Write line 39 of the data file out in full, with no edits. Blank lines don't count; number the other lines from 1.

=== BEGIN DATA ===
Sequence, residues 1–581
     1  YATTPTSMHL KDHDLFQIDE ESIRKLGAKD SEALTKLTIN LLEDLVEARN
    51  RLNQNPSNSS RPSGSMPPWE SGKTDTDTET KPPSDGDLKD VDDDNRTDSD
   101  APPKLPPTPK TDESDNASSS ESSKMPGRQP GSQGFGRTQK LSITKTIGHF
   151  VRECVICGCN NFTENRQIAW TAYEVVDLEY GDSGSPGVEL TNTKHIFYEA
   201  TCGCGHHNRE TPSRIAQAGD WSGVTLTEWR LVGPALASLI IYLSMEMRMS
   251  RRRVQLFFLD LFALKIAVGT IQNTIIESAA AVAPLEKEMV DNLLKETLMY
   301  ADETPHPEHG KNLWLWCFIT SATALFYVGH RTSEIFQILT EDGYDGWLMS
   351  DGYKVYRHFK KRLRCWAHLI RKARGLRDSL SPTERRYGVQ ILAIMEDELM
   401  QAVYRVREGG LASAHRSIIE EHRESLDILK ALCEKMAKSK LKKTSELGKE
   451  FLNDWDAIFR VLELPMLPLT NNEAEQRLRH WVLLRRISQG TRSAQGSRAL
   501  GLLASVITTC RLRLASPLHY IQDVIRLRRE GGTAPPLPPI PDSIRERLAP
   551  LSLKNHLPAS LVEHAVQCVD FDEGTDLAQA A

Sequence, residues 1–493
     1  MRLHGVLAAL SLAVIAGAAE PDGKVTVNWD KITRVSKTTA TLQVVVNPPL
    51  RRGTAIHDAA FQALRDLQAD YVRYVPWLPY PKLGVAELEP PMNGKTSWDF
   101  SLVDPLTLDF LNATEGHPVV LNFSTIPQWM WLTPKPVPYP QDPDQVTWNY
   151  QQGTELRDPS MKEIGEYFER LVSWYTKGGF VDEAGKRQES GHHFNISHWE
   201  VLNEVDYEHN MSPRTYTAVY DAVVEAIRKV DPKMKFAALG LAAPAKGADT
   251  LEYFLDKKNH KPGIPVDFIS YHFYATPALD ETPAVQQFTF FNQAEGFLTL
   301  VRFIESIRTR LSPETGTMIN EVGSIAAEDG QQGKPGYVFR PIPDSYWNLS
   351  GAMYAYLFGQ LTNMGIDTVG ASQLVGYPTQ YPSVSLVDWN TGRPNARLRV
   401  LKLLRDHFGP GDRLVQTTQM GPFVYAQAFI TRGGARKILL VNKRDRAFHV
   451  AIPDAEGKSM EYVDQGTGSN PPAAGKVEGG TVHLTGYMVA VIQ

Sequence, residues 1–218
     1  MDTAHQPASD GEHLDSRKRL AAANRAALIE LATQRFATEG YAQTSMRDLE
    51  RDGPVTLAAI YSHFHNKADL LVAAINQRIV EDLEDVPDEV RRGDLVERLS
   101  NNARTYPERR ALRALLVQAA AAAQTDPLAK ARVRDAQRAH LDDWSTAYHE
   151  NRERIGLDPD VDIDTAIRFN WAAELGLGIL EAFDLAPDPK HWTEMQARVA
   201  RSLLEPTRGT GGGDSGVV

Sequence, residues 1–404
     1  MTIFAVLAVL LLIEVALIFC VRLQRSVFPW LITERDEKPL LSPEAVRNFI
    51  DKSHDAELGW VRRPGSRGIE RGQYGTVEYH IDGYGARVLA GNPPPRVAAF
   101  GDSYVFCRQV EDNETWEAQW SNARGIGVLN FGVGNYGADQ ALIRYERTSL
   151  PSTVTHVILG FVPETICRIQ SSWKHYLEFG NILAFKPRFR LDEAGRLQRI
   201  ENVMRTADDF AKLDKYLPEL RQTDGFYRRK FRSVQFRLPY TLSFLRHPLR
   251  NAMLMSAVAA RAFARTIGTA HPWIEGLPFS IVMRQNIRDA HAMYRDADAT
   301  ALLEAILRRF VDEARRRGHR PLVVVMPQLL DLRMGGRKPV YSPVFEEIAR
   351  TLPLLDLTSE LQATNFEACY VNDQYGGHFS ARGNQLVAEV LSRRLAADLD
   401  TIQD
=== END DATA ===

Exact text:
   351  TLPLLDLTSE LQATNFEACY VNDQYGGHFS ARGNQLVAEV LSRRLAADLD